Unraveling Social Media One Tool at a Time
Even if Instagram does not bring direct page views to websites, many news organizations use it anyway, photographer Richard Koci Hernandez explained at the Online News Association conference in San Francisco on Friday.
For Richard, a former San Jose Mercury News staff photographer, now at the Knight Digital Media Center, Instagram has proven to be a highlight of his career, putting him on the cover of several national magazines.
One of the biggest surprises is that NPR, a radio station which one would not associate with photography, has an Instagram account with more than 200K followers.
Richard says an Instagram account can build loyalty to a brand, if not page views. Of course, there are ways to draw people to your website through Instagram, by curating photos in a Storify as the Marin IJ has done.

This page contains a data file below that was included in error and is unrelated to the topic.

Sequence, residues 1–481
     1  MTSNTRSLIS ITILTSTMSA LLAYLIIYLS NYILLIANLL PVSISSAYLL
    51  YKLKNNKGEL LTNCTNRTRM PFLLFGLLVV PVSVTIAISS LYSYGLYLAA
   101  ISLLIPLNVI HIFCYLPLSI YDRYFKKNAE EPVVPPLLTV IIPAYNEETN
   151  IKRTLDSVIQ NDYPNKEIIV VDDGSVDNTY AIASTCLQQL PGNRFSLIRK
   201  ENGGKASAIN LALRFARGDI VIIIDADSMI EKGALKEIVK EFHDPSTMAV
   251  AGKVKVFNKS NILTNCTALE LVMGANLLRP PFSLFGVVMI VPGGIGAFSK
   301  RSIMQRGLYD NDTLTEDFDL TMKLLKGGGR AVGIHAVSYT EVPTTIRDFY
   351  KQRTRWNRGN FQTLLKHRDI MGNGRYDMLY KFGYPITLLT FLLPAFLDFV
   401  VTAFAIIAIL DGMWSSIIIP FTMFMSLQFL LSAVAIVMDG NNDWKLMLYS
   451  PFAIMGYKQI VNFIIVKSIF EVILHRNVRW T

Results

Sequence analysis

The use of filters is perhaps the most controversial topic among photojournalists, but Richard said the debate misses the point. Content, and the framing of a photo is what matters the most, and no filter is going to turn a badly composed shot into a masterpiece, he says.
His best advice to photographers? Shut up and shoot. Harsh the inner critic.
He also told those in the audience at ONA to spend one day acting on the urge every time they see something they would like to shoot a photo of. (but please edit out the bad ones before sharing on Instagram)
Leaving ONA this afternoon, I remembered his words when I saw an intriguing pattern on the walkway below my feet. A lone leaf sat on the walkway. I dropped my bags, and took the shot. It turned out to be a decent shot for the first day of Fall.
How do you use Instagram? Should news organizations use it? Is it Ok for them to add a filter to a photo?
Share your thoughts here.